How to Pray

I have been asked to write about prayer. How do I pray? What’s my response when I hear, “Pray for . . .”?

If God is not a humanlike individual, an external deity, with whom or what do I communicate? Does it make any sense to appeal to Something for anything?

What we call God is larger than, beyond anything we can imagine, but our minds and imaginations are what we have to work with. Particular images—let’s say an idea of Jesus—work very well for communing with the Grand Power of the Universe. The problem arises when we insist that our image is God and everybody better believe it and pray to the same image. I don’t pray to Jesus, but my weak humanity reaches toward a humanlike being who doesn’t have any gender—my Invisible Partner, my Inner Beloved.

In the famous conversations of Bill Moyers with Joseph Campbell, they expressed compassion for one who has no “invisible means of support,” sympathy for one who’s unaware of help available from “hidden hands.”

It was in this context that Campbell said, “Follow your bliss,” a phrase that was popularized and misunderstood. Campbell said that “as the result of invisible hands . . . you begin to meet people who are in the field of your bliss, and they open the doors to you. I say, follow your bliss and don’t be afraid, and doors will open where you didn’t know they were going to be.” Goethe said something similar: “the moment one definitely commits oneself, then providence moves all.”

It sounds so easy, and it’s so hard. It requires, in Campbell’s words, enduring “ten years of disappointment with nobody responding to you” and having “the guts to stay with the thing you really want, no matter what happens.”

I think many of us don’t know what we really want. We desire things that produce results opposed to what we really want. The critical thing to remember is that our Higher Power—it’s irrelevant how we imagine that Power—knows what’s best for us. So let’s not be attached to any specific result.

I used to interpret the idea that God knows best as God opposing my own desires. I thank Unity School of Christianity for showing me that’s wrong. My very deepest desires come from the divinity within me, but I may be wrong about how to achieve those valid desires. Christians call the inner divinity “Christ.” Other terms are “Buddha,” “Tao,” and “Self.”

This inner divinity connects us with all persons, all creation, and this is why our intentions for others have an effect. I believe prayer works and write about this in God Is Not Three Guys in the Sky.

There’s much more to say about types of prayer and the power of human consciousness, but it’ll have to wait for another time. Next time I’ll pass on some prayers of mine.

November 16, 2007

Large swatches of silence nurture awareness of an invisible Presence and turning toward this spiritual reality is prayer.

However we imagine that reality, connecting with it and trusting its power for good renders our daily concerns more manageable. As we reach toward the indefinable Something, we start to commune with that reality. And after long periods of silent communing with this Holy Source, we notice that our outer circumstances turn out right more often—not necessarily as we might have wished, but ultimately better.

Intentional opening to the Holy One is prayer. A quick acknowledgement that my thought or action just now was less than noble is prayer. Awestruck appreciation of beauty is prayer. Gratefulness is prayer. Trusting that I will be guided in my thoughts, words, and actions is prayer. Claiming my right to good things is prayer.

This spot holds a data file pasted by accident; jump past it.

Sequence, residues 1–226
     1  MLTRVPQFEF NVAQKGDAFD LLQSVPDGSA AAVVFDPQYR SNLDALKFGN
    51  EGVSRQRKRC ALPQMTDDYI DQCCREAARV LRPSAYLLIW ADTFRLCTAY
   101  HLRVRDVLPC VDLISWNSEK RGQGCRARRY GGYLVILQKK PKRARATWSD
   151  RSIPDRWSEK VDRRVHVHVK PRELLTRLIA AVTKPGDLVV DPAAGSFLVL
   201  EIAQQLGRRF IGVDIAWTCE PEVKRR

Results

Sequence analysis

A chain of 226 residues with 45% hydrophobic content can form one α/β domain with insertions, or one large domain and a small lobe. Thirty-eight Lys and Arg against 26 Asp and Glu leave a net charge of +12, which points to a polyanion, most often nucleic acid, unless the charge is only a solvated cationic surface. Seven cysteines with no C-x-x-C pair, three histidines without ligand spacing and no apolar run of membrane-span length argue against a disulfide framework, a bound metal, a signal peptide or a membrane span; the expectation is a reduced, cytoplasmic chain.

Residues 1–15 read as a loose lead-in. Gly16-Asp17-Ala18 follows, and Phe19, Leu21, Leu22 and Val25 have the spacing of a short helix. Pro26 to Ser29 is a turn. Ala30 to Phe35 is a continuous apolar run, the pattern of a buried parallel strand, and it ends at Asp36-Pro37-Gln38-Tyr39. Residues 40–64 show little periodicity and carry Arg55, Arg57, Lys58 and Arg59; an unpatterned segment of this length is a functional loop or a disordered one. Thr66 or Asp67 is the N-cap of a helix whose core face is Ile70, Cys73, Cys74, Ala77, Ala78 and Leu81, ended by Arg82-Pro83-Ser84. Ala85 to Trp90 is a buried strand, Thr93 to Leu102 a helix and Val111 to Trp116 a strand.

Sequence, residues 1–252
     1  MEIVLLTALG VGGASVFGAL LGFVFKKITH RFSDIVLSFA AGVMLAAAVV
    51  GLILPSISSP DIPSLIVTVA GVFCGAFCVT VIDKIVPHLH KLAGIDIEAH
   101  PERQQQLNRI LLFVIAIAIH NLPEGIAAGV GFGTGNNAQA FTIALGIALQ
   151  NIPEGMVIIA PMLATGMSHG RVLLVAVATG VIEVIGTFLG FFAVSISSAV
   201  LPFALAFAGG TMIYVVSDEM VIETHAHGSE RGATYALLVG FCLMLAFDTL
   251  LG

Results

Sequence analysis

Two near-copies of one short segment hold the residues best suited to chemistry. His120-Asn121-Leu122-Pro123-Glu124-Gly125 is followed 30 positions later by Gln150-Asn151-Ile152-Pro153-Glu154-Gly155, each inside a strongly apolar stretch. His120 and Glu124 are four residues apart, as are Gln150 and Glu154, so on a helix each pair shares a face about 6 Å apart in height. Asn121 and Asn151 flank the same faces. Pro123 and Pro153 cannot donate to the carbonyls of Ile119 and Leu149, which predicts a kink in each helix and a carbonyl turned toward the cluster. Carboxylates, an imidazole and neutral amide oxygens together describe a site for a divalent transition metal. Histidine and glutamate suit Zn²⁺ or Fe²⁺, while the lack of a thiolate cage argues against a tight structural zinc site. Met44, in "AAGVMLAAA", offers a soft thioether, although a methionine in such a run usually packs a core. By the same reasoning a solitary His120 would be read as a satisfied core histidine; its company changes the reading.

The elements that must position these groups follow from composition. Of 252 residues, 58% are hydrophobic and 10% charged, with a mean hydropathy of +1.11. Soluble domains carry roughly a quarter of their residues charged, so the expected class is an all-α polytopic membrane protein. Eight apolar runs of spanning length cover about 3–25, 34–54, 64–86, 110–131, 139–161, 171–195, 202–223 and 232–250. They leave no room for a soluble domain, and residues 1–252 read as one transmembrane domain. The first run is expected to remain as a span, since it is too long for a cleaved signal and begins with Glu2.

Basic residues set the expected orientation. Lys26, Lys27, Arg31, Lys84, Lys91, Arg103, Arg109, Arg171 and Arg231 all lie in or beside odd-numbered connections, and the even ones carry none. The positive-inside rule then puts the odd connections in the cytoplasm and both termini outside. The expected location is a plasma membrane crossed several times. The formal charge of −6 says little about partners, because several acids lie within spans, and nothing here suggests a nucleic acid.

What? This is prayer? Unity School of Christianity taught me to pray in affirmations rather than pleas. It’s quite a psychological shift. Here are affirmative prayer samples:

Divine order and timing are at work in my life and affairs.
I expect good things and accept all the good that comes to me.

Underlying these prayers is trust—expecting good through me, to me, to my situation, and to the world.

Trust is the heart of faith as well as the heart of affirmative prayer. It saturates the beloved Psalm 23, “The Lord is my shepherd,” and the stories of Jesus healing in the synoptic gospels.

In First Thessalonians 5:16-18, Paul advises, “Rejoice always, never cease praying, render constant thanks.” This is not as impossible as it sounds. Poet and educator Maya Angelou says in Unity magazine (September/October 2007), “Now I pray all the time. I pray when I’m walking from here to over to the chair. . . . Mostly I’m thankful.” Jungian analyst Robert Johnson says, “In every moment there is one right thing to do.” Discerning that and doing it, we are communing with the Holy—in prayer.

The apostle Paul and Maya Angelou refer to Jesus, which is their religious context, their way to God. In The Bhagavad Gita, all wisdom and blessing flow through the god Krishna. That my prayers and those of a Tibetan, Muslim, or Inuit don’t go through Isis or Jesus or Krishna is irrelevant.

A cautionary note: In the deepest pool of consciousness connecting us with each other and with divinity, we must surrender totally to Divinity. Unity reminds us,

When we let God free to choose what is best in our present stage of unfoldment, we will be pleasantly surprised—at times even astonished—at the good manifest through us and for us.

Pray for wisdom, for self-respect, for spiritual blessings of all kinds—I mean, trust that they are lighting on whomever—and specific desires may be met. Praying in this way also eases the command to love our enemies because their highest spiritual good includes good behavior toward everybody else.

That I write these things doesn’t mean I achieve them. They are reminders to myself.
I’m sure I’ll revisit this subject of prayer.


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